You see, if you’re like me and you’re trying to watch a video on a website and it’s not working, and you really want to watch it, what do you do? Easy, you click on the video frame itself which takes you directly to the page at that hosts the video, and 100% of the time the video works promptly at itself. I’ve found myself doing this more and more lately. Here’s one example from Gizmodo. I’d note that I hit play on this video 5 minutes ago, nothing is playing:

gizmodo Is YouTube handicapping embedded video to drive more traffic to

A quick click on the YouTube logo at the bottom right of screen: bingo! I get a working video.

The question then becomes: is YouTube intentionally stifling/ handicapping embedded videos to force users to visit Perhaps not all of the time, and with all videos, but perhaps through some random or not so random algorithm? Is there any other explanation for the regular failure of embedded YouTube videos not working as they should? Food for thought.

Digg The Next President? – Reprise

Blogger Andy Ostroy has a piece in yesterday’s ABCNews site’s politics section entitled Al Gore will not only run, but he can and will win. Now, given how far ahead Senator Barack Obama is in terms of stories submitted to Digg, the social networking engine, and its new US Elections 2008 section, this should prove very interesting to watch and see whether Ostroy is right.

If he is, can we conclude that winning an Oscar for the film Inconvenient Truth and then winning the Presidency means that old media is more powerful than new media, particularly the blogosphere? I’m not sure that’d be a fair assessment, but it’s still true that more people in the United States watch TV than use the Internet for any great length of time.

However, research from late last year shows that kids in the late pre-teens and early teens are ignoring TV for the Internet. Maybe, when they’re old enough to vote, the key to gaining the Presidency will rely on a proper new media campaign. For 2008, however, that may not be true, no matter how popular Digg’s Elections 2008 section becomes. Which might mean that Ostroy will be right, that Americans will vote in a President who has proven his/her ability to get things done.

Are New Media Workers Multi-Taskers?

When was the last time you were doing multiple things at the same time? A Washington Post article talks about how teens multitask with homework, video, phone calls, and Internet chatting. But I quickly realized that I pretty much to do it every day. It’s a necessity for working in New Media. You’re browsing in one window, with a blog editor in a split pane, and running 1-4, maybe more, chat windows with different collaborators or clients. You might even be talking with someone via Skype or SightSpeed.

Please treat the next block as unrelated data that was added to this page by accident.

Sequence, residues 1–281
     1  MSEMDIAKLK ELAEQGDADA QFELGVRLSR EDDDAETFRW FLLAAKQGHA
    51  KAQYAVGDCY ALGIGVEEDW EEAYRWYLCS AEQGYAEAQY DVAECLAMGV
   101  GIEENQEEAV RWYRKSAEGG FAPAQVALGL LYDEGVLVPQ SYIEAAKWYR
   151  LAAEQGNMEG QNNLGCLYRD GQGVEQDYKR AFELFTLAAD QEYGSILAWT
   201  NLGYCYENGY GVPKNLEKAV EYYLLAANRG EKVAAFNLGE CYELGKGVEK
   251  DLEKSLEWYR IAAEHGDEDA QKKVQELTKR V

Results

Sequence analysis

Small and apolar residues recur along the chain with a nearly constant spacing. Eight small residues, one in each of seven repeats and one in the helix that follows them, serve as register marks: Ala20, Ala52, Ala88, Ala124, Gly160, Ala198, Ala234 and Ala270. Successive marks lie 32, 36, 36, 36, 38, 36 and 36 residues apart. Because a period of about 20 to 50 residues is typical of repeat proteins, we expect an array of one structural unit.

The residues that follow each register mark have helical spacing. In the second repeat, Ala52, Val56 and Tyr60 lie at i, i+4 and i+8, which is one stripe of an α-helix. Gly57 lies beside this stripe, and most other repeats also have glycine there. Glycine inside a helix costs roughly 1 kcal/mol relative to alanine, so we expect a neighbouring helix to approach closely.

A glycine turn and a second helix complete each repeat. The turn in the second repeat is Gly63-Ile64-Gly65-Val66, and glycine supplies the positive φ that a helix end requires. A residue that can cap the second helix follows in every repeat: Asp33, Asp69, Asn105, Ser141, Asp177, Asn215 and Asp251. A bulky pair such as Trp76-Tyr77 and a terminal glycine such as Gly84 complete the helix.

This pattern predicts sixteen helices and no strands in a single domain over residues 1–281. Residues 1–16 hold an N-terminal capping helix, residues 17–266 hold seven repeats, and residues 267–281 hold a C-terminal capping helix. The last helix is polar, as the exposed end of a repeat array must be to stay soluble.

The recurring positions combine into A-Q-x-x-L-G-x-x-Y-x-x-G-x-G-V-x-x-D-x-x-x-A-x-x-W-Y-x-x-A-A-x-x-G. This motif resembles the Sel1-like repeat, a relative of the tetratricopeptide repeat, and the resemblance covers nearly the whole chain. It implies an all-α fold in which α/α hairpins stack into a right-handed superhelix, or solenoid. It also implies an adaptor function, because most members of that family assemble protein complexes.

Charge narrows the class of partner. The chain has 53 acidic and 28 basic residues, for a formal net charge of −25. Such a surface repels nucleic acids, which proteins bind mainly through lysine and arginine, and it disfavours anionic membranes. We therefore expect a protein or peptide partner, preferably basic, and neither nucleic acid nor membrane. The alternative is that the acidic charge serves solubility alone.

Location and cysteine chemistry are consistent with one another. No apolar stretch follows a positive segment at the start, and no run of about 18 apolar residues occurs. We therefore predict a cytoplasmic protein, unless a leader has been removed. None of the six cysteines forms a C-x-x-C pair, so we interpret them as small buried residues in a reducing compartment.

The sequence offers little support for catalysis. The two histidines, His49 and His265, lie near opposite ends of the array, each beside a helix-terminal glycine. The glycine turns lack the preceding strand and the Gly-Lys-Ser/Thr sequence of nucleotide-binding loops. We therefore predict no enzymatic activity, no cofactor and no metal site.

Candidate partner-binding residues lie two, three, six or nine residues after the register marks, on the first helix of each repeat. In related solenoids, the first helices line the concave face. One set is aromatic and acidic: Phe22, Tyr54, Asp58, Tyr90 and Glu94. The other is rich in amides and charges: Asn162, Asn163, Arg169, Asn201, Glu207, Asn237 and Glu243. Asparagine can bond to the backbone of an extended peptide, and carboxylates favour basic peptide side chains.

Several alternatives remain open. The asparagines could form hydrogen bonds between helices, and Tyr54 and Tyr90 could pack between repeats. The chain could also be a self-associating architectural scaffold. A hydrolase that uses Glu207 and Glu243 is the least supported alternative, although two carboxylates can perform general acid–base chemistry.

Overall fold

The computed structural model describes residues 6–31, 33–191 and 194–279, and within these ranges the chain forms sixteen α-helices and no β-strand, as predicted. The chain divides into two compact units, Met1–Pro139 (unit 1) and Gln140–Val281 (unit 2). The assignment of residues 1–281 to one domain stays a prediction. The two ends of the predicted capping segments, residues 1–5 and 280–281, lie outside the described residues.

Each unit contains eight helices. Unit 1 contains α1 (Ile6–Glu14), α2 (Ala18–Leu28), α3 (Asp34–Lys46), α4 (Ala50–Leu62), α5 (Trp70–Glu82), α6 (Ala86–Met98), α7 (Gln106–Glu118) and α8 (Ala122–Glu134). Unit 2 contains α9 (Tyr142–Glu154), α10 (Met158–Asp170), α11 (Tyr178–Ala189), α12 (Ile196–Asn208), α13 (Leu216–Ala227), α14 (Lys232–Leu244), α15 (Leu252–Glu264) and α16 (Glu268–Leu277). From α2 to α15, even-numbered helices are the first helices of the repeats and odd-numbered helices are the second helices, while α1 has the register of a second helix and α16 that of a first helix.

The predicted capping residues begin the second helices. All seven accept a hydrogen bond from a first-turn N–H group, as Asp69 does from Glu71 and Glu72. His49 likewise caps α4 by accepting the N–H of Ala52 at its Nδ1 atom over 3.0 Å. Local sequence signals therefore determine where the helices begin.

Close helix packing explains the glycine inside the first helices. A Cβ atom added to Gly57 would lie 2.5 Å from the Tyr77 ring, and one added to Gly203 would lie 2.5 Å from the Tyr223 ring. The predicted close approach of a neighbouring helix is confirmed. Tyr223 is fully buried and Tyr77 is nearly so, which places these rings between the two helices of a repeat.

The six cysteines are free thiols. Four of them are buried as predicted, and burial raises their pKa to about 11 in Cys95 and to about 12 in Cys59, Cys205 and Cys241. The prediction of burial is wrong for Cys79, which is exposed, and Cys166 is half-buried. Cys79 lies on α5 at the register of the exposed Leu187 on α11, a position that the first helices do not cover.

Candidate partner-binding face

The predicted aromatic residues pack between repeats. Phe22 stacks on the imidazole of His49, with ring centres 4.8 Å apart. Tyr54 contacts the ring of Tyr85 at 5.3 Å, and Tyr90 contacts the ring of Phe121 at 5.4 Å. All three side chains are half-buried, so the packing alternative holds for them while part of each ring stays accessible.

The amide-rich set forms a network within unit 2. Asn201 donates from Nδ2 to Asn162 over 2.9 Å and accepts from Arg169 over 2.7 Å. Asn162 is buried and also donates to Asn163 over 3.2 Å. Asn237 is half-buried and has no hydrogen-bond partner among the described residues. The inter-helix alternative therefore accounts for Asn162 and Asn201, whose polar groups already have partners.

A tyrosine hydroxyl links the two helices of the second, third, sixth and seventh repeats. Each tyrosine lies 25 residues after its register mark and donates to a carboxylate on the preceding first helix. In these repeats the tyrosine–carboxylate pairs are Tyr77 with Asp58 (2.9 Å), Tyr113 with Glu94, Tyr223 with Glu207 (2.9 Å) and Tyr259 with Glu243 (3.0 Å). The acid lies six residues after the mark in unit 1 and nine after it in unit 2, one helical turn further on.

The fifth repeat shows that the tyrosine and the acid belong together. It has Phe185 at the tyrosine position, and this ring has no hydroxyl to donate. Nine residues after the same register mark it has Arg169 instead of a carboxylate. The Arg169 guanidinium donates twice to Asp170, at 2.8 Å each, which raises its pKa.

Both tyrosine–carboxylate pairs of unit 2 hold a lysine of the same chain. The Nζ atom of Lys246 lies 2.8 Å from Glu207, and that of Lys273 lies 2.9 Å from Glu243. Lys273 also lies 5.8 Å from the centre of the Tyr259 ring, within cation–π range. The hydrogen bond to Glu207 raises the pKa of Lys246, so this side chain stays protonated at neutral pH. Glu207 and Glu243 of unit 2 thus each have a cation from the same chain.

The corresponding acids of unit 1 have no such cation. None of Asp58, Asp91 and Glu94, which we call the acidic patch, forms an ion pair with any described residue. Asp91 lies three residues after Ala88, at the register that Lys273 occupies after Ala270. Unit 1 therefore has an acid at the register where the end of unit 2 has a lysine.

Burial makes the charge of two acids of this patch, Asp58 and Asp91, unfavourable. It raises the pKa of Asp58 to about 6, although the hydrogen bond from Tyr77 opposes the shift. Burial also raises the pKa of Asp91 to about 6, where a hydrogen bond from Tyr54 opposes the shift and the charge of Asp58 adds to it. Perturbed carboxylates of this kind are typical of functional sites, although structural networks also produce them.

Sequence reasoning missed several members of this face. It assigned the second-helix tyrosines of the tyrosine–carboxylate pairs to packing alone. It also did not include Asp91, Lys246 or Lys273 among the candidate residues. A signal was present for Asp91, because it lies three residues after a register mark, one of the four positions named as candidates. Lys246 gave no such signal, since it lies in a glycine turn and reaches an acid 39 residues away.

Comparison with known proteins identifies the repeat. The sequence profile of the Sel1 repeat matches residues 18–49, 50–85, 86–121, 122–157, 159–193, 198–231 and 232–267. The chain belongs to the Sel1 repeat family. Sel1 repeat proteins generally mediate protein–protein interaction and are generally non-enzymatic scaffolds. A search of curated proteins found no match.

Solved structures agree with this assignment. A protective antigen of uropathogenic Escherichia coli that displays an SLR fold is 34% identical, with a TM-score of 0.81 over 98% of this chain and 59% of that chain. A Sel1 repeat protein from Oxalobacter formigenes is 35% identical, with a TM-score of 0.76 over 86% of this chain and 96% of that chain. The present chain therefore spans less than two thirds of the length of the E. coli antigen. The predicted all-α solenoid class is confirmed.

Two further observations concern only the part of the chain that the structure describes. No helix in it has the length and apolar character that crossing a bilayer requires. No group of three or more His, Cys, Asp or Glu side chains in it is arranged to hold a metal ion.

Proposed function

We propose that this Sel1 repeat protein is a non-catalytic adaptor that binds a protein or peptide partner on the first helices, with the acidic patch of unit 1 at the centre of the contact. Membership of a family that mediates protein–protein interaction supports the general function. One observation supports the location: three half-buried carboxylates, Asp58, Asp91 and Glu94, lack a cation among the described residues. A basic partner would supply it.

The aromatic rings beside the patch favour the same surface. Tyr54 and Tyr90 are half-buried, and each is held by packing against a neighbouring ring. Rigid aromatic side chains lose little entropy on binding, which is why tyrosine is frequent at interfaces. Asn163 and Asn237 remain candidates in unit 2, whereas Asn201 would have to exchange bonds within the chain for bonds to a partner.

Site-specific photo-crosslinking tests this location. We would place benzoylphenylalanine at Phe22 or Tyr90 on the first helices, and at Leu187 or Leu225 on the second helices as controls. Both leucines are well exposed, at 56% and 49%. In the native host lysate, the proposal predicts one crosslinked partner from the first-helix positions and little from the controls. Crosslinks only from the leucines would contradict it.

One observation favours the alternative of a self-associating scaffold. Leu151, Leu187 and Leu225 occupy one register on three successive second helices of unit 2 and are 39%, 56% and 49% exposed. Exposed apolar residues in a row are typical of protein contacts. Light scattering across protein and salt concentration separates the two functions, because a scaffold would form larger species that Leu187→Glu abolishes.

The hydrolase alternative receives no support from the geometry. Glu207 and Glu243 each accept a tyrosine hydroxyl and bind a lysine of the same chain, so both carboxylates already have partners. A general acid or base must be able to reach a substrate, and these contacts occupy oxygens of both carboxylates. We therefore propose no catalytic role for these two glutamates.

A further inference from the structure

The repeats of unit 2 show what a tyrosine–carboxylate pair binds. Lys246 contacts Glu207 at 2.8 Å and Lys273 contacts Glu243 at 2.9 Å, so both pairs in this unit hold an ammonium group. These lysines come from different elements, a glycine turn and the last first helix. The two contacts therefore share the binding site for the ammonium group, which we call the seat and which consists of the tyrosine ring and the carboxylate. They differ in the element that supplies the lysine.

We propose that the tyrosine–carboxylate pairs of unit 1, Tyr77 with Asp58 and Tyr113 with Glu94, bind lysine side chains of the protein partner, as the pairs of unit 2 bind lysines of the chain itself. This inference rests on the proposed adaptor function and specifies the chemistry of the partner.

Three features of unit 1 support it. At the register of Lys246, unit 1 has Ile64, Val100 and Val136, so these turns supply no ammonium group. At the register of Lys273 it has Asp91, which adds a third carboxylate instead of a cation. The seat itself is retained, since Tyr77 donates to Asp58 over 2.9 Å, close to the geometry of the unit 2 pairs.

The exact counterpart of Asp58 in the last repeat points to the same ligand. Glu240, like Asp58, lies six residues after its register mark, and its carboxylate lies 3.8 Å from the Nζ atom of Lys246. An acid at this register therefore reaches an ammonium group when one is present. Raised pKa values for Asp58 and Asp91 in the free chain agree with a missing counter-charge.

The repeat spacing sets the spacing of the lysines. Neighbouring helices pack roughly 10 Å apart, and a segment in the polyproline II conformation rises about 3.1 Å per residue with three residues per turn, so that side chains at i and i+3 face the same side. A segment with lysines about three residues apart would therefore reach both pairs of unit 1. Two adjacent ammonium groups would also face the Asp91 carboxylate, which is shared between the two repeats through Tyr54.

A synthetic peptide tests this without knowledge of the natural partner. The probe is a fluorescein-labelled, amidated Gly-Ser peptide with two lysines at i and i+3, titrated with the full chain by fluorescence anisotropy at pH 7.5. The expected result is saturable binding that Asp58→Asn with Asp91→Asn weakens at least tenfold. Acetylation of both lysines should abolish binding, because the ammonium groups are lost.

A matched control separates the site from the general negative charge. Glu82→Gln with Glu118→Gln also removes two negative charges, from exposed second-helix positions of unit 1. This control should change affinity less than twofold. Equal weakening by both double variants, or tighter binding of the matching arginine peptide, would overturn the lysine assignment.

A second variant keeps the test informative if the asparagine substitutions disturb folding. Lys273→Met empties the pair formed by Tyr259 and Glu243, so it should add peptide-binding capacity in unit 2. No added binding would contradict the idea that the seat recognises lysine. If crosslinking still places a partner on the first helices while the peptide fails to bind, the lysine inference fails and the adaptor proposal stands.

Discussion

This sort of multi-tasking activity becomes second nature for new media workers, and if you have a large enough screen, you can actually do it productively. Teens who multi-task their homework and interact online say they feel more productive. But experts are not so sure that this is a good thing for younger people:

There is special concern for teenagers because parts of their brain are still developing, said Jordan Grafman, chief of cognitive neuroscience at the National Institute of Neurological Disorders and Stroke.

Despite that, young students feel better because they can get the answer to a homework problem by firing up a chat session and asking a friend, or a friend of a friend. Since this sort of multitasking seems to be widespread, if there are any problems it’s not known how detrimental it’ll be. But if proves not to be a problem, I think we’ll have a generation of youth fully ready to handle the role of professional bloggers.

NBA channel hits YouTube

ytimage NBA channel hits YouTubeGoogle and the NBA have reached a deal that lands a NBA channel over at YouTube, much like the NHL one.

According to Ars Technica, the NBA videos won’t only make it to YouTube but also on ad places in the Google Adsense network for a limited time. Both parties are to evaluate this method of reaching out after this initial period.

Users will be encouraged to continue uploading NBA videos to YouTube. The top “Post Up the NBA” (e.g., user-submitted) videos each week will be compiled into a weekly “NBA Top 10 on YouTube” highlight reel that will be broadcast on the league’s cable NBA Channel. Users will be able to rate the “Post Up” videos.

Ars has more, as has the NBA channel of course, with the typical autoplay feature on the videos so turn down the volume. I’ll tell you one thing, Ahmad Rashad’s words does not rhyme well with Regina Spektor… Then again, what does?

Swiss paper publishes fake Gucci ad

stupiddude Swiss paper publishes fake Gucci adOh this is hilarious!

The man, who claimed to represent the Italian fashion giant, called up the Swiss weekly SonntagsZeitung last week to book the expensive color spread in Sunday’s edition, a spokesman for the paper said.

Christoph Zimmer told The Associated Press on Tuesday that the man asked for the 60,000-Swiss-franc (about $50,000) bill to be sent to Gucci.

It gets worse though.

Zimmer said the paper fell for the scam because the call arrived too late for the advertising department to check whether it was genuine.

Right. Perhaps you should look over your routines?

Have anyone seen this ad? It certainly should be somewhere online. Link us up if you have!

Gizmodo’s Anti-RIAA Manifesto

farktehriaa1 Gizmodo’s Anti RIAA ManifestoGizmodo has declared March to be their Boycott the RIAA Month. They have finally gotten sick of the despicable tactics that the RIAA has been employing for so long, and have decided that it is time to do something about it. To make more clear what they fight is about, who it is against and why, and why the fight is so important, they are kicking the month off with a manifesto.

The manifesto covers the following:

Who We’re Up Against

Piracy Lawsuits: Extortion and Privacy Invasion Under the Guise of Copyright Enforcement

DRM: Pay More, Get Less

Rescuing Artists From Those Claiming to Support Them

Out With the Old, In With the New

Head over to the commendable team at Gizmodo to learn more about this manifesto and what you can do to help.